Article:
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April 9, 2014

Jonathan Tobin: Why Did Kerry Lie About Israeli Blame?

Samuel G. Freedman: A resolution 70 years later for a father's unsettling legacy of ashes from Dachau

Jessica Ivins: A resolution 70 years later for a father's unsettling legacy of ashes from Dachau

Kim Giles: Asking for help is not weakness

Kathy Kristof and Barbara Hoch Marcus: 7 Great Growth Israeli Stocks

Matthew Mientka: How Beans, Peas, And Chickpeas Cleanse Bad Cholesterol and Lowers Risk of Heart Disease

Sabrina Bachai: 5 At-Home Treatments For Headaches

The Kosher Gourmet by Daniel Neman Have yourself a matzo ball: The secrets bubby never told you and recipes she could have never imagined

April 8, 2014

Lori Nawyn: At Your Wit's End and Back: Finding Peace

Susan B. Garland and Rachel L. Sheedy: Strategies Married Couples Can Use to Boost Benefits

David Muhlbaum: Smart Tax Deductions Non-Itemizers Can Claim

Jill Weisenberger, M.S., R.D.N., C.D.E : Before You Lose Your Mental Edge

Dana Dovey: Coffee Drinkers Rejoice! Your Cup Of Joe Can Prevent Death From Liver Disease

Chris Weller: Electric 'Thinking Cap' Puts Your Brain Power Into High Gear

The Kosher Gourmet by Marlene Parrish A gift of hazelnuts keeps giving --- for a variety of nutty recipes: Entree, side, soup, dessert

April 4, 2014

Rabbi David Gutterman: The Word for Nothing Means Everything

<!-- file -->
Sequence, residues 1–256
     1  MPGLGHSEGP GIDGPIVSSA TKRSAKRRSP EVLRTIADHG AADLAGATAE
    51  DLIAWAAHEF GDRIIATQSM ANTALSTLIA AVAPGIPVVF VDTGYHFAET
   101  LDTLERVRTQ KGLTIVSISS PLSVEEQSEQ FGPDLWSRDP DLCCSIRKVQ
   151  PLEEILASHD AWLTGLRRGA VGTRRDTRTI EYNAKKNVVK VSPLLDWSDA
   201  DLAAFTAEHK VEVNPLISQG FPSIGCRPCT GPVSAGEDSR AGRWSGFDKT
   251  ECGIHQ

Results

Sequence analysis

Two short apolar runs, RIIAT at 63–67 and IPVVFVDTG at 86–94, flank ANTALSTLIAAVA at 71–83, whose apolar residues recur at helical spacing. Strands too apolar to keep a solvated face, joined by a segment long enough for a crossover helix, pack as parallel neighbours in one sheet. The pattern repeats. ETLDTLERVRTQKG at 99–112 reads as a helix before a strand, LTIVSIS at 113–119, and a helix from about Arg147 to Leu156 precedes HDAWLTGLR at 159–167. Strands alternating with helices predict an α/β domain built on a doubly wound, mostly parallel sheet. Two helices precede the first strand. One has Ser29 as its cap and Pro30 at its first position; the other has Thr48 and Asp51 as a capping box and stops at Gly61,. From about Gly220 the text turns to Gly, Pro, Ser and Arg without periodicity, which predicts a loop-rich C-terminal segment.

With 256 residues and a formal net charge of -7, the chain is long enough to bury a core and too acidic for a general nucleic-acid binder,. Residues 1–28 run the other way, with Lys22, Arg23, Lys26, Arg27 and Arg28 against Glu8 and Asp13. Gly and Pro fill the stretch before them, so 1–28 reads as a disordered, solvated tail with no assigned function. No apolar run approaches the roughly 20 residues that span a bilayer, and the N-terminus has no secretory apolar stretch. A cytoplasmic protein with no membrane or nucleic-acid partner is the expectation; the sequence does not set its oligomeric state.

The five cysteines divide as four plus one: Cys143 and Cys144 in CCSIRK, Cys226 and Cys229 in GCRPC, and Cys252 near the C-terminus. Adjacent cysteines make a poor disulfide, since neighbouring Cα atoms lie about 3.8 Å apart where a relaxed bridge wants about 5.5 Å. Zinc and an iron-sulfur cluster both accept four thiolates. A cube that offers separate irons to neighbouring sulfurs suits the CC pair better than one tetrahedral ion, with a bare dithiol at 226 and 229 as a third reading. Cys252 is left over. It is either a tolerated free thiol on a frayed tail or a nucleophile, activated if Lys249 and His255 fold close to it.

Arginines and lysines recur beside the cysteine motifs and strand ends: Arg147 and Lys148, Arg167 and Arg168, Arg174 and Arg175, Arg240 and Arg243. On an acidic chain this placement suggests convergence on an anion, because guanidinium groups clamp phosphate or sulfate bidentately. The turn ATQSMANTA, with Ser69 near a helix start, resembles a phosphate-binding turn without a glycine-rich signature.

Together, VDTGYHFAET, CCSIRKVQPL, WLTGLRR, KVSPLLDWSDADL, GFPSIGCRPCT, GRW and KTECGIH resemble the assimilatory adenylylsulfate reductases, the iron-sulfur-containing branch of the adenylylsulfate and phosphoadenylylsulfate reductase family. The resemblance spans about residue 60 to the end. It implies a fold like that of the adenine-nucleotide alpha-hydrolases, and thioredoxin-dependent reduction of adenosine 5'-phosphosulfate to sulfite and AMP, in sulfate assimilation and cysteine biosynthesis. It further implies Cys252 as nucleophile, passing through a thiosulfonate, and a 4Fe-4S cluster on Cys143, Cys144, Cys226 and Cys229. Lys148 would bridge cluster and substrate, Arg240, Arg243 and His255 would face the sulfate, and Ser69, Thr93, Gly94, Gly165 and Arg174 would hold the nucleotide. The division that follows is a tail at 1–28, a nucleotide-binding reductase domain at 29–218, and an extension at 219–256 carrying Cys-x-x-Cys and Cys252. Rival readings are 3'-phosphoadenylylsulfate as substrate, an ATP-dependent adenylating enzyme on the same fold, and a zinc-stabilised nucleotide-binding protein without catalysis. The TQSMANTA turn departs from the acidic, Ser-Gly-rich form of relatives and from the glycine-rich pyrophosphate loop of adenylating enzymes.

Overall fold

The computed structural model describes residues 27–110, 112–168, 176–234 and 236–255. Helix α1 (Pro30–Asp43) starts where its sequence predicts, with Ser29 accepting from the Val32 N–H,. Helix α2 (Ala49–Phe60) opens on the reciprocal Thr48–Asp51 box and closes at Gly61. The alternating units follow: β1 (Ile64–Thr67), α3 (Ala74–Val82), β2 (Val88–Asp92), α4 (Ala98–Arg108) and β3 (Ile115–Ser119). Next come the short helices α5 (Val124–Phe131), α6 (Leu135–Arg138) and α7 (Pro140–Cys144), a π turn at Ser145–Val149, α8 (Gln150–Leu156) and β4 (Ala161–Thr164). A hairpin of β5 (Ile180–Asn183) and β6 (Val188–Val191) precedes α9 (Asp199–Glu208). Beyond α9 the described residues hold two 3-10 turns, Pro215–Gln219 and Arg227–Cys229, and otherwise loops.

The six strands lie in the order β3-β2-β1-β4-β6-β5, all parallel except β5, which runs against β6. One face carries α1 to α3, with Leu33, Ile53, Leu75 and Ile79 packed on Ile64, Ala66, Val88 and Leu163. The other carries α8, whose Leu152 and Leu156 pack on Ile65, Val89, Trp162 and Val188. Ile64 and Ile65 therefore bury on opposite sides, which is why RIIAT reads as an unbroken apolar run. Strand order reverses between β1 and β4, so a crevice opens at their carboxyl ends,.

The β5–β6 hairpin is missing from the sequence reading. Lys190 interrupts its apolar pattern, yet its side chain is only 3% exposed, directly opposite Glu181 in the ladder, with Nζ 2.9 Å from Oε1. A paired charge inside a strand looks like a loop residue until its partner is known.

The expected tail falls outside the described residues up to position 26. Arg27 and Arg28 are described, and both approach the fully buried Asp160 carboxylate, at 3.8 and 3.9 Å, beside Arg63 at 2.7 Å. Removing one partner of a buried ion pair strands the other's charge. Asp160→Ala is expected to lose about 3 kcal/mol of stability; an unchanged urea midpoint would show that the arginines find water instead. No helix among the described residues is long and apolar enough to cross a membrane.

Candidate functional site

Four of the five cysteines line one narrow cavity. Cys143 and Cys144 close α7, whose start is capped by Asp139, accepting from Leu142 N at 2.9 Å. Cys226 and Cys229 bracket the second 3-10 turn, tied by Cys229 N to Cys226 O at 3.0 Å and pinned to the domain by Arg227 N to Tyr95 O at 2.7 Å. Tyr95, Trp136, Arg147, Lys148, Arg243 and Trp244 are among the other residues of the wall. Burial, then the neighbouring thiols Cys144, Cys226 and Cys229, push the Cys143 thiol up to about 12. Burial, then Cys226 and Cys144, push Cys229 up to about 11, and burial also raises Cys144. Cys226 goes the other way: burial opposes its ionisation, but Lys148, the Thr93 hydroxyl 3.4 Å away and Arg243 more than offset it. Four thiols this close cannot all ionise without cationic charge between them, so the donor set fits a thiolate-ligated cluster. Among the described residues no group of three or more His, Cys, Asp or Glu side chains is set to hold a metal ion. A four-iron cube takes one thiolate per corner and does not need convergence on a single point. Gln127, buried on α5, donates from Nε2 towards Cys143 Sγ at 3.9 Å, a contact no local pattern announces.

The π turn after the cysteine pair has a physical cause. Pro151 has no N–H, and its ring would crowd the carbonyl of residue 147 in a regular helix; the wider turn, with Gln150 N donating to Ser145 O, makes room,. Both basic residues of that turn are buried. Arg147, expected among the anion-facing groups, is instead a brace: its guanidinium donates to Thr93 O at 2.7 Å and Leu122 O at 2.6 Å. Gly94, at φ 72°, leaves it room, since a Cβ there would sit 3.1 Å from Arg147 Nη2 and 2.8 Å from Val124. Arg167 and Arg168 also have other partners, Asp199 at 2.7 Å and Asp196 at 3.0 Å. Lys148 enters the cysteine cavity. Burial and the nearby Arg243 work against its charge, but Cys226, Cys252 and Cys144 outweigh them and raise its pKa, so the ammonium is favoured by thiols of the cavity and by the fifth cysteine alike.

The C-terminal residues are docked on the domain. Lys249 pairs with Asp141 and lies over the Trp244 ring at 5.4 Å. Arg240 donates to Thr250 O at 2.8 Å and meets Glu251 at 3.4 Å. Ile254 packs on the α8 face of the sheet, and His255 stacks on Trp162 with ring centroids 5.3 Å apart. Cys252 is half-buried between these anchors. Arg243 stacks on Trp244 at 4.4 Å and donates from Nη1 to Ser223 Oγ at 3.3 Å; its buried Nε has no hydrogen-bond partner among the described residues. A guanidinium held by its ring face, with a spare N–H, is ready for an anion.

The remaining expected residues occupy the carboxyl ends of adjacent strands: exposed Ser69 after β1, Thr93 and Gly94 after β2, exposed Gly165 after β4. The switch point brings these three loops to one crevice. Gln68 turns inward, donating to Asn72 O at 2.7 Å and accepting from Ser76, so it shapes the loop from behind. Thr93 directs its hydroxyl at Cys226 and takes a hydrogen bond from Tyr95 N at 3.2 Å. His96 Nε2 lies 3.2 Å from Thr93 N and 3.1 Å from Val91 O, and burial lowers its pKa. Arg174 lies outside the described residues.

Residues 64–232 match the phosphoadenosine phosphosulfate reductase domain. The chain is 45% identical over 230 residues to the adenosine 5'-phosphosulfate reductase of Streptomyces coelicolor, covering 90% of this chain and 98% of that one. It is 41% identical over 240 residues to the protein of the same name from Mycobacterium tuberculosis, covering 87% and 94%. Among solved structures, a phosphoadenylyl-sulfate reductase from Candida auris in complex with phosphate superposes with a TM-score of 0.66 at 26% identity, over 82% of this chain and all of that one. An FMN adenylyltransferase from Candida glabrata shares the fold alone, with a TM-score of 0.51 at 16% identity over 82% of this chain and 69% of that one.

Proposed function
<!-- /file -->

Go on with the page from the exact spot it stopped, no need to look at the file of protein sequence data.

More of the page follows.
Charles Krauthammer: Kerry's folly, Chapter 3

Amy Peterson: A life of love: How to build lasting relationships with your children

John Ericson: Older Women: Save Your Heart, Prevent Stroke Don't Drink Diet

John Ericson: Why 50 million Americans will still have spring allergies after taking meds

Cameron Huddleston: Best and Worst Buys of April 2014

Stacy Rapacon: Great Mutual Funds for Young Investors

Sarah Boesveld: Teacher keeps promise to mail thousands of former students letters written by their past selves

The Kosher Gourmet by Sharon Thompson Anyone can make a salad, you say. But can they make a great salad? (SECRETS, TESTED TECHNIQUES + 4 RECIPES, INCLUDING DRESSINGS)

April 2, 2014

Paul Greenberg: Death and joy in the spring

Dan Barry: Should South Carolina Jews be forced to maintain this chimney built by Germans serving the Nazis?

Mayra Bitsko: Save me! An alien took over my child's personality

Frank Clayton: Get happy: 20 scientifically proven happiness activities

Susan Scutti: It's Genetic! Obesity and the 'Carb Breakdown' Gene

Lecia Bushak: Why Hand Sanitizer May Actually Harm Your Health

Stacy Rapacon: Great Funds You Can Own for $500 or Less

Cameron Huddleston: 7 Ways to Save on Home Decor

The Kosher Gourmet by Steve Petusevsky Exploring ingredients as edible-stuffed containers (TWO RECIPES + TIPS & TECHINQUES)

Jewish World Review Oct. 17, 2012/ 1 Mar-Cheshvan, 5773

Obama Snaps Back Hard

By Roger Simon




http://www.JewishWorldReview.com | HEMPSTEAD, N.Y. —As well as Barack Obama did in his second presidential debate — and he did very well, indeed — you still have to ask yourself one question: Why didn't he do it in his first debate?

If, 12 days ago at the University of Denver, Obama had delivered the same high-energy, on-target putdown of Mitt Romney as he did at Hofstra University Tuesday night, think of where he would be today.

He would not be trailing in the polls. He would not have the media circling over his head like vultures eyeing their next meal. He would not be trying to climb out of a hole, but would be moving forward, instead.